There have been many good games that have been held back from achieving their full potential for greatness. Some aspect of their design leaves a stain on the experience, forcing the player to question what in the world were the developers thinking. Fatal Flaws examines these scars that are left on games, whether they are just mildly out of place or come close to ruining an otherwise quality game.
For better or for worse, Nintendo has been among the leading innovators in video game hardware. Some of these innovations such as the dual screen have been successful, but on the other side of that coin who here owns a Virtual Boy and still plays it regularly? The Nintendo 64 controller was ugly enough to be a modern art masterpiece, but there are plenty of great exclusive N64 games that feel natural on that monstrosity. Ultimately it is not simply the technological advancement that Nintendo introduces that determines its inherent level of quality, but whether or not developers are able to utilize these innovations in a way that makes gameplay fun, which brings us to this month’s topic.
Castlevania Aria of Sorrow was among the best available titles for the Game Boy Advance, and you can read my fan boy gushing about its greatness right here. Naturally a couple years later when I learned the next Castlevania game was going to a direct sequel where we once again get to control the soul stealing Soma Cruz I was pretty excited. Even though there was something I read in an interview that caused some concern, I decided to give the game the benefit of the doubt and be optimistic based on how well the last three handheld Castlevanias were.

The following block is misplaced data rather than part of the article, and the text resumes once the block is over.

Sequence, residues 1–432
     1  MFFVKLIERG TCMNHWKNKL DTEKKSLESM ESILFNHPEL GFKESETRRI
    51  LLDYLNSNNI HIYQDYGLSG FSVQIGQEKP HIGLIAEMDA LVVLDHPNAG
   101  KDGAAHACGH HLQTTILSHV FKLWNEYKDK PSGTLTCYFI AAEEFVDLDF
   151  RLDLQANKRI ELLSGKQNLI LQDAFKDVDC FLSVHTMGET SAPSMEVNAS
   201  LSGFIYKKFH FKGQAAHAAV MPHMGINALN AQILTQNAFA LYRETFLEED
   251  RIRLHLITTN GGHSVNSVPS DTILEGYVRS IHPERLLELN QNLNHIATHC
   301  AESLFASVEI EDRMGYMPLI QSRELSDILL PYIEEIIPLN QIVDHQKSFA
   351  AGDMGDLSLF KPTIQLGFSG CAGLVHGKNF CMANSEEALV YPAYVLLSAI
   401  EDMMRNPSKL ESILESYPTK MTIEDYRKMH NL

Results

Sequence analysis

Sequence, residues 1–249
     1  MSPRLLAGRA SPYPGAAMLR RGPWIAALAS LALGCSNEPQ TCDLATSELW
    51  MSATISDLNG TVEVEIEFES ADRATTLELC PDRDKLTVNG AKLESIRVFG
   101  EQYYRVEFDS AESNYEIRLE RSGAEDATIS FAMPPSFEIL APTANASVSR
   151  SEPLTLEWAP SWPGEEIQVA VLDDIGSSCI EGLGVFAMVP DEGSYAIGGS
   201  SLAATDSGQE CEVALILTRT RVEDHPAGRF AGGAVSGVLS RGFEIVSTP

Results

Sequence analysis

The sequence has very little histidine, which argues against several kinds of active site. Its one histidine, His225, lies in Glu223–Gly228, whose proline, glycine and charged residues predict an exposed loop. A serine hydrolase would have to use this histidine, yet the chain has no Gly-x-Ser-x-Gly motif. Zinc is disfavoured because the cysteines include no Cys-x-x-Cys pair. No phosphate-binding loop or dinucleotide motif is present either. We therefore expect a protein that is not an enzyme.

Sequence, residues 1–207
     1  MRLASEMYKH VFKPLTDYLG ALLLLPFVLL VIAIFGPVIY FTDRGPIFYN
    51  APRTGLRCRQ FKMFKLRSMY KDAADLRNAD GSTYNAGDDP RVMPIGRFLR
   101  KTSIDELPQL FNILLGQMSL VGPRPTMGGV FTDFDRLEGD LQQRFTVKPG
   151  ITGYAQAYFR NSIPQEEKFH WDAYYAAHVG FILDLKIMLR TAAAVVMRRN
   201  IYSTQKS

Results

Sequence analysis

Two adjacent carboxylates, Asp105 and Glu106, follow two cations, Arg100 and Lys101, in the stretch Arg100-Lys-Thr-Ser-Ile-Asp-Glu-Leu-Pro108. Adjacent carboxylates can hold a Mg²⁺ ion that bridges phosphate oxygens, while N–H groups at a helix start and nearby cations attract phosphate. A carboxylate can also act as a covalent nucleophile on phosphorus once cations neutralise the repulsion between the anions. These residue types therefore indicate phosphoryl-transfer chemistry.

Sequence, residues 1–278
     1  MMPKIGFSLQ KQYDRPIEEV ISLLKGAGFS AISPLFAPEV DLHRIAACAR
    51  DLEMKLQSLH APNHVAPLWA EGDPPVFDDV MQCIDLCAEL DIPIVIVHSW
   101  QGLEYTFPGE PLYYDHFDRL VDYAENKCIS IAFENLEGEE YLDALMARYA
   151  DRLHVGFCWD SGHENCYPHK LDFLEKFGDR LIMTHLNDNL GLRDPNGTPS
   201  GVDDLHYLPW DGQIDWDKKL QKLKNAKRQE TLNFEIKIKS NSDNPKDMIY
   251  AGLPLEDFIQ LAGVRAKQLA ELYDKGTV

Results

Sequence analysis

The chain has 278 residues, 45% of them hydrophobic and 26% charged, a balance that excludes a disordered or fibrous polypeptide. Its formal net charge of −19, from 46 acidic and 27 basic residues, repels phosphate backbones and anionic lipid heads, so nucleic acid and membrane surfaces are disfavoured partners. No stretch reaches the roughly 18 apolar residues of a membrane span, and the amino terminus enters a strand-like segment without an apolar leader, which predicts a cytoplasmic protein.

For the most part my optimism was not misplaced, as Castlevania Dawn of Sorrow retained everything great about Aria of Sorrow but made some improvements. Music quality and graphics were a bit nicer since it was on the new Nintendo DS which had more processing power than the GBA, and the second screen allowed other information to be visible while playing the game. In a lot of ways this title used a great game a template and was able to improve on it. Honestly, this seemed like a new contender for the coveted spot of my favorite Castlevania game with great creature design, level layout, soundtrack, and the fun Tactical Soul System. And then we encountered our first boss fight.
The interview I mentioned said something to the effect of there will be a new Castlevania for the DS once they figure out how to incorporate the stylus, and did they ever incorporate that stylus. Touchscreen controls are generally good things, just look at the WiiU, the PlayStation Vita, cellphone games, and the fact that 11 years later Nintendo fans are using the 3DS. The thing with touchscreen controls is they are not appropriate for all game styles. Having to use the stylus with traditional Castlevania gameplay is about as pleasant as using alcohol based hand sanitizer as a sexual lubricant. Hand sanitizer is awesome, just not for that purpose.